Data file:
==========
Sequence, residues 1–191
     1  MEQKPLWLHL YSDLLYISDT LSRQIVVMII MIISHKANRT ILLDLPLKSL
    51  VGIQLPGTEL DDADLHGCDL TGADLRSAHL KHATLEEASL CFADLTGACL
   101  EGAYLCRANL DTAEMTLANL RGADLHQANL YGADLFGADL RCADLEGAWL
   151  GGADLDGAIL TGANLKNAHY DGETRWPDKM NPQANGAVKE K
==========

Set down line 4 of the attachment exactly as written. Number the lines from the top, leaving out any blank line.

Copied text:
   101  EGAYLCRANL DTAEMTLANL RGADLHQANL YGADLFGADL RCADLEGAWL